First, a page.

Was Vince Marrow a fan of Bobby Petrino and the old football staff at Louisville? “No, not at all.”

Over the course of the Mark Stoops era at Kentucky, the coaching staff’s recruiting philosophy has changed quite a bit. At the beginning, they tried to sign any and all of the the top three and four-star prospects they could get their hands on, no matter where they came from.

As they’ve established themselves on the recruiting trail and wins are coming at a more consistent rate, the staff has been able to be a bit more selective with high-level prospects and their focus has shifted a bit.

Among many other areas of focus, keeping Kentucky’s top high school talents in-state has become one of the staff’s biggest priorities as of late.

After signing five in-state talents in 2019, they’ve already got two of the top 2020 prospects in the state committed to Kentucky in John Young and Beau Allen for 2020. And it doesn’t look like it’s slowing down anytime soon.

In an interview with KSR this morning, Kentucky recruiting coordinator Vince Marrow said that Mark Stoops told him specifically that he needed to recruit the state of Kentucky harder and keep them from going to other local schools.

“When Mark Stoops came to me last year, he was like, “We need your presence more in Kentucky.” We were losing a lot of the top guys, they were going other places.”

According to Marrow, that momentum shift happened back in 2016 when Kentucky defeated Louisville on the road with Heisman trophy-winning quarterback Lamar Jackson leading the Cardinals.

Ever since, recruiting in-state talent has come easy for the UK coaching staff.

“I think when we beat Louisville two years ago with Lamar [Jackson] down there, it showed people we were on the right track,” he said. “But still, we had to really get down and recruit harder in Louisville. I think in the past, we were recruiting kids [from there], and they were using negative stuff against us. I’m not going to go into what they were saying, but once I went down there and cleaned that up, it improved.”

Marrow said that in the past, Louisville negatively recruited against Kentucky, which hurt them with some of the local talents. Now, he has found a way to combat that.

“Louisville, being a city school, they were getting a lot of inner-city kids,” he said. “I don’t know what they were telling them, but I tell them now, “Look, we had the first African-American players in this league. We have a very diverse culture.”‘

A big part of that, he says, was Bobby Petrino’s old coaching staff at Louisville and what he was feeding some of the in-state kids on the recruiting trail.

“And that was the old staff, not the new staff,” he said. “I don’t mind some of the guys on the new staff.”

To put it simply, he wasn’t a fan of Petrino and his assistants.

Not in the slightest.

“No, [I wasn’t a fan of the old staff at UofL],” Marrow said. “No. Not at all. Not at all.”

We couldn’t agree more, Vince.


Vince Marrow compares Xavier Peters to Josh Allen, says there is a “very strong possibility” he is eligible this season

Vince Marrow compares Xavier Peters to Josh Allen, says there is a “very strong possibility” he is eligible this season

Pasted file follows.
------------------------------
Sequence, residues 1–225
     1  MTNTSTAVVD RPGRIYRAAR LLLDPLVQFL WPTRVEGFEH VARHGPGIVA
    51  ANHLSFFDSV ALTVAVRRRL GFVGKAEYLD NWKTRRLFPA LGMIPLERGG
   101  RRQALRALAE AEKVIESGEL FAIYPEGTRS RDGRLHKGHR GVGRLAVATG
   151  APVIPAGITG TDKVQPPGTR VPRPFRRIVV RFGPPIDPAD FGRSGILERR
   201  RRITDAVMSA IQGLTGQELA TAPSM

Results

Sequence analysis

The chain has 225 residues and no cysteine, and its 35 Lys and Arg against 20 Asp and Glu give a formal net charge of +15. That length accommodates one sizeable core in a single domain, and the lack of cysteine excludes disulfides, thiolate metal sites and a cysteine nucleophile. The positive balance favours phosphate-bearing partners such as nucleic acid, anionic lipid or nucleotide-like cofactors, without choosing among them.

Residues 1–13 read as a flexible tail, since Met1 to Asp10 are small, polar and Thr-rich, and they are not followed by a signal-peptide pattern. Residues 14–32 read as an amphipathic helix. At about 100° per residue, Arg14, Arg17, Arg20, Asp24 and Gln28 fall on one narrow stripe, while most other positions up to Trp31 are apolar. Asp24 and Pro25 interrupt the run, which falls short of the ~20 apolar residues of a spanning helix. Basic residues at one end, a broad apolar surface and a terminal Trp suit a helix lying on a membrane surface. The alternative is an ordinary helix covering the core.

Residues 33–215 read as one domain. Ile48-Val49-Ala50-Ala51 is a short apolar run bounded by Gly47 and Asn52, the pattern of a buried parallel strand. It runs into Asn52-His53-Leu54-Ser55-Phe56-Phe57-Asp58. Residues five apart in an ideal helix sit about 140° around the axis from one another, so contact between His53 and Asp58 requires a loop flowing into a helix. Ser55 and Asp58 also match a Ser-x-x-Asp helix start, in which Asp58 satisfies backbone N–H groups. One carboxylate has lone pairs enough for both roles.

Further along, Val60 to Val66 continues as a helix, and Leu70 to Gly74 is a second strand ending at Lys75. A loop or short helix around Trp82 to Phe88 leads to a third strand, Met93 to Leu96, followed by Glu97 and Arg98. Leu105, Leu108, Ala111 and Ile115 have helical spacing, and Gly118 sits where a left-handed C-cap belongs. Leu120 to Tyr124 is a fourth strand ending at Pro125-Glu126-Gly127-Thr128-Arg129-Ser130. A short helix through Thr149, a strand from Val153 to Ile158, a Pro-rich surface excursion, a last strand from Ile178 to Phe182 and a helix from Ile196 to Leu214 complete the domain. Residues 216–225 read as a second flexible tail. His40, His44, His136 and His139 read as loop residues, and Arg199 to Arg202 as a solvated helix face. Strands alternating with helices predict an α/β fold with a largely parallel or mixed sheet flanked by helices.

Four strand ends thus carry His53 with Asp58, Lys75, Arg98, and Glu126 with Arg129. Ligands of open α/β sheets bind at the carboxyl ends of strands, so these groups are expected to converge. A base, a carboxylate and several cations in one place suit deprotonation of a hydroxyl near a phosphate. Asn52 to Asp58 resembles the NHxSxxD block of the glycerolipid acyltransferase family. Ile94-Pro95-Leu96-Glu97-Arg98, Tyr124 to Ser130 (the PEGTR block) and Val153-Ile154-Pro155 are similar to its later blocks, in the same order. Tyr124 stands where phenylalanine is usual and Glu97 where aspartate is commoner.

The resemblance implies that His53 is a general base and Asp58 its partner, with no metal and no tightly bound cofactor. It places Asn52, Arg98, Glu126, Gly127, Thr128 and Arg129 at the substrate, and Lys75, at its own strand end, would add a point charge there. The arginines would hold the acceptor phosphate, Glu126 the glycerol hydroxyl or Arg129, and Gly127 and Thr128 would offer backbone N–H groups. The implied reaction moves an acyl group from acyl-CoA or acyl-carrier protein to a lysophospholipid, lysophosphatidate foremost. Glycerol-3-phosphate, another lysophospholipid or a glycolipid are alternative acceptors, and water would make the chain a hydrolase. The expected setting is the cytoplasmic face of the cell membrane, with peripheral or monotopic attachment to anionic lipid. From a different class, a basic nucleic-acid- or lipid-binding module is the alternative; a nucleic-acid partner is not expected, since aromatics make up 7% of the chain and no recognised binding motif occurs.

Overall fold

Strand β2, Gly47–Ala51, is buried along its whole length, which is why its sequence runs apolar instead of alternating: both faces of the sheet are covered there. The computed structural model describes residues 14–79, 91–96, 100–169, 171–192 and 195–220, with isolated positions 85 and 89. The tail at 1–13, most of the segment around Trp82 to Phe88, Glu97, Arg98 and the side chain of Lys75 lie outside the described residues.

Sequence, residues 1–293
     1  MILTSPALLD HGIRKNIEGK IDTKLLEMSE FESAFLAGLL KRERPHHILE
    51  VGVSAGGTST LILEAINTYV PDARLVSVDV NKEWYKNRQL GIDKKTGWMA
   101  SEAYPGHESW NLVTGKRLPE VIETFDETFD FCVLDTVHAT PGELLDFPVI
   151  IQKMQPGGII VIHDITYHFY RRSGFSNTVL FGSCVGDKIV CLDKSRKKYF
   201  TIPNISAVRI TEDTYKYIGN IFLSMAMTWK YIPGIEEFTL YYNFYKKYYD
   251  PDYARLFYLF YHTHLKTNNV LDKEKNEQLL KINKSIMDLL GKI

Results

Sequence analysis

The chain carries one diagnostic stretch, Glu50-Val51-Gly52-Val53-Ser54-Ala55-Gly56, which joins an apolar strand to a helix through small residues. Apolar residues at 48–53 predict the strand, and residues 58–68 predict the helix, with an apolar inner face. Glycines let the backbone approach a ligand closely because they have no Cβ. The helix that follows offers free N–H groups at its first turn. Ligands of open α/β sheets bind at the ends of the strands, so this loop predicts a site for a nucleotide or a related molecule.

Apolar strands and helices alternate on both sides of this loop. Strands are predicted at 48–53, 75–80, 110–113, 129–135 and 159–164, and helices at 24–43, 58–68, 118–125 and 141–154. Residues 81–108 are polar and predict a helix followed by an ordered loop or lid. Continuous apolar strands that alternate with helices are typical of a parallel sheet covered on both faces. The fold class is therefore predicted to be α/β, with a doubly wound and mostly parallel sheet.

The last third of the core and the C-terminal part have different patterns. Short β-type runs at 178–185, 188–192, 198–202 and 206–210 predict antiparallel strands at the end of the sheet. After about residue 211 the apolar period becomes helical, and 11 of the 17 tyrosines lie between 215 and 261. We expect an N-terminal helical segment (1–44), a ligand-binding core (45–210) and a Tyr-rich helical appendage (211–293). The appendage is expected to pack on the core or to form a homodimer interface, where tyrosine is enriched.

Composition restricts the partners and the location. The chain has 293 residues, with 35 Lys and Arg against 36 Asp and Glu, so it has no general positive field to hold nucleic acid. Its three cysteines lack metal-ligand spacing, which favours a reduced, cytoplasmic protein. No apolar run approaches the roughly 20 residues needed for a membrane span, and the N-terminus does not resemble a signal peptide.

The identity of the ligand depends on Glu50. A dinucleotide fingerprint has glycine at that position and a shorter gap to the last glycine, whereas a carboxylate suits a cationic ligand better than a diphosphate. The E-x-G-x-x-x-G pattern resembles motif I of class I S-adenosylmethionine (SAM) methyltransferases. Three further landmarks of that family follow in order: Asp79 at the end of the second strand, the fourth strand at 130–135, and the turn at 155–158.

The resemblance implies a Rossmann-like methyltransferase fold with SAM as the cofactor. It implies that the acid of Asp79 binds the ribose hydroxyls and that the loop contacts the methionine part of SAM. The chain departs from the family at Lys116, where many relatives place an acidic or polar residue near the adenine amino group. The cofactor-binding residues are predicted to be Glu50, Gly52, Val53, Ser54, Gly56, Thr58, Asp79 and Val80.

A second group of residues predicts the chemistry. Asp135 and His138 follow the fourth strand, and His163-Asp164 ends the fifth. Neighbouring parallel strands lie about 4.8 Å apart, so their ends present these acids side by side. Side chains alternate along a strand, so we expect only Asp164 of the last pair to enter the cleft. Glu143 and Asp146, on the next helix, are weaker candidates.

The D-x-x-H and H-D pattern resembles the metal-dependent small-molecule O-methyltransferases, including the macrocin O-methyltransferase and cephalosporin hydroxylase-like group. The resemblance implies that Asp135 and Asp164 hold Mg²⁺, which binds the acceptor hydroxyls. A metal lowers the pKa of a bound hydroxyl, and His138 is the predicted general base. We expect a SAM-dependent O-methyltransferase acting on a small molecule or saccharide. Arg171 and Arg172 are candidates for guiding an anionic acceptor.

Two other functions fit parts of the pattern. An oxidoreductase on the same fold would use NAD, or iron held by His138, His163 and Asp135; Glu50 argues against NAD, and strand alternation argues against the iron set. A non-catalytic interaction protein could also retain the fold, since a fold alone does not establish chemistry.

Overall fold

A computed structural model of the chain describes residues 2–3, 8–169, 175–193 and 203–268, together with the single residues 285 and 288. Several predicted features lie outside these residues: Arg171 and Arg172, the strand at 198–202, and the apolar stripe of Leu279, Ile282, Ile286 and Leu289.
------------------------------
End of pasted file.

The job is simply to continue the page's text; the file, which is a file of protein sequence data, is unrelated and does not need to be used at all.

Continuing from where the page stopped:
On Wednesday, the Kentucky football team received a commitment from Florida State transfer and former four-star pass-rushing target Xavier Peters.

Just two days later, Kentucky recruiting coordinator Vince Marrow came on KSR to discuss the newest Wildcat and what he’ll bring to the table during his time in Lexington.

To get things started, Marrow said that the transfer actually just became official earlier this morning, meaning this is the first time he was able to talk about Peters publicly.

“It actually just went legal about 10 minutes ago,” he said.

Out of high school, Peters was committed to Kentucky from July of 2017 through January of 2018, but then flipped his commitment to Florida State right before National Signing Day.

When asked about what changed from his original recruitment to now, Marrow said the newest Wildcat simply got caught up in the hype and didn’t follow through with where his heart truly was.

“I mean, when you get Deion Sanders to recruit him personally, that just tells you how (big of a prospect he is),” he said. “He received negative feedback from fans after his decommitment. He got caught up in it all, (Florida State) was just where he wanted to go. Reality set in that he wanted to be with his family, he missed his son.”

At the time of his announcement, we all knew it was a massive get and that he’d end up being a star for the Wildcats eventually. When he’d be eligible to play due to NCAA transfer rules, however, was the only question at hand.

According to Marrow, though, fans should expect to see Peters on the field this fall.

“There is a very, very strong possibility that he’ll be eligible this season,” he said. “He’ll be a freshman.”

And he didn’t even attempt to slow down the hype train, either. When asked about his potential impact at Kentucky, Marrow said he sees a lot of Josh Allen in his game.

“Oh, he’s going to get minutes this season,” he said. “He’s probably the closest thing to Josh Allen, at least physically, right now. Xavier has that ability. He has the potential (to be like Allen).”

Woah.